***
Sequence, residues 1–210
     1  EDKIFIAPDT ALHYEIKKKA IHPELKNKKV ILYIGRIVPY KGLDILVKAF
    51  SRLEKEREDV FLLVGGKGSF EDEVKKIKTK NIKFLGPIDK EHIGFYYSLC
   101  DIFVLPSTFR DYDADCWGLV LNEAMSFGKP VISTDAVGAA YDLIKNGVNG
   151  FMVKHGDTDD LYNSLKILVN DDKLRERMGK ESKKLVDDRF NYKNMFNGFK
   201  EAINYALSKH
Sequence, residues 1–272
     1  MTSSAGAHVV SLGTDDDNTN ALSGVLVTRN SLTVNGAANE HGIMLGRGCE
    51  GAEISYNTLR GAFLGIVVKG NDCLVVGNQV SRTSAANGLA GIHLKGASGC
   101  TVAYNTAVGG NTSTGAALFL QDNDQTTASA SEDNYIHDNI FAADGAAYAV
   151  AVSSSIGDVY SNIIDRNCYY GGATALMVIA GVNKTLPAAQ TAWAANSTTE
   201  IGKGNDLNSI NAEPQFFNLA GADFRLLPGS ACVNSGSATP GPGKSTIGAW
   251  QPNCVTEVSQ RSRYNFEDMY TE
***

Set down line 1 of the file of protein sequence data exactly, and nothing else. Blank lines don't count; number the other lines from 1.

Sequence, residues 1–210